The UK’s coalition put up value added tax by 2.5 percentage points last week, guaranteeing a day of bad headlines about rising prices. But anyone buying products dependent on the price of oil, or gold, or copper, or wheat, doesn’t need George Osborne to experience a world of sharp increases in prices.
Even Christmas was more expensive. According to PNC, an American company which calculates these things, the cost of buying the items mentioned in The Twelve Days of Christmas rose by a painful 9.2 per cent last year.
Doubtless inflation doves would point out that this was caused by a punitive jump in the price of major “non-core” components in the indicators, including lords-a-leaping, swans and gold rings.
I don’t buy this for a second: it’s all very well for central bankers to split hairs over core and non-core inflation. But if your true love wants nine ladies dancing, the price increase of 15 per cent is very real. And if you are feeding a family of five in Dhaka, Mexico City or Casablanca, the increase in the price of food is more real yet.
Yet for those of us not living hand to mouth, there is something rather bracing about sharp price rises. Consider petrol, which follows a “rocket and feather” trajectory. Prices shoot up at the hint of an increase in the price of crude oil, but fall back at the gentlest of rates, long after crude prices themselves have subsided.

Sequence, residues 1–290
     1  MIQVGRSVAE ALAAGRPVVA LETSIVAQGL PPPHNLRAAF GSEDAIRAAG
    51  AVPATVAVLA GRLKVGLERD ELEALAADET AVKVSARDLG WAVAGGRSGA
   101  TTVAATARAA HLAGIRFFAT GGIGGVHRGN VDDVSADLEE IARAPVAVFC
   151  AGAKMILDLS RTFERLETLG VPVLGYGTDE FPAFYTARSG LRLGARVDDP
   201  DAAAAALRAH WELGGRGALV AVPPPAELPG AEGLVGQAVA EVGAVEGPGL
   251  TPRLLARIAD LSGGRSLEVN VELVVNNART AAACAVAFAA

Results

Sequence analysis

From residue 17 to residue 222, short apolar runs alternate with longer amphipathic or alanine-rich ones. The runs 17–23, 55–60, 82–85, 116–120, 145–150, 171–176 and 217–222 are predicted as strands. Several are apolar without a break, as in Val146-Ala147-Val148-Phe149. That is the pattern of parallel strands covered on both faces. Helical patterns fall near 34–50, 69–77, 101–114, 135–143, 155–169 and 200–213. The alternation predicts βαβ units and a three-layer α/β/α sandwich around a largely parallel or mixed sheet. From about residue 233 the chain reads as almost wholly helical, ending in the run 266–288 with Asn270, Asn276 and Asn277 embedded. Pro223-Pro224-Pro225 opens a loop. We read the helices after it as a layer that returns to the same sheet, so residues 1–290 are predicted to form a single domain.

There’s no mystery about the “rocket”: in a competitive market, wholesale price increases will be passed through to consumers promptly. But the “feather” is more ticklish, because the same argument should work in reverse, and so wholesale price falls ought to be passed on just as quickly. That means that markets are less competitive when prices are falling than when they are rising – a rather baffling suggestion.
A plausible explanation comes from Matthew Lewis, an economist at Ohio State University: falling prices make us complacent, while rises bring out the bargain hunter inside us, even when there are no bargains to be had.
As long as the price of a product is a little lower today than yesterday, we relax. We assume there’s no need to shop around. Retailers then take their sweet time cutting prices, knowing that we consumers are immensely relaxed, addled by the fact that at least prices are moving in the right direction. Paradoxically, their profits may be higher when prices are falling than when they are rising.
Falling prices may do odd things to consumers’ judgment. The price of computers and clothes has fallen for years, which may explain our otherwise inexplicable love for iPads and bumster jeans. But while the current rising prices will sting, by golly, they’ll keep us sharp. It’s just a shame that we won’t stay sharp when they start to drift down.
The writer would like to clarify that his true love has had no dalliance with any lords-a-leaping.
Also published at ft.com.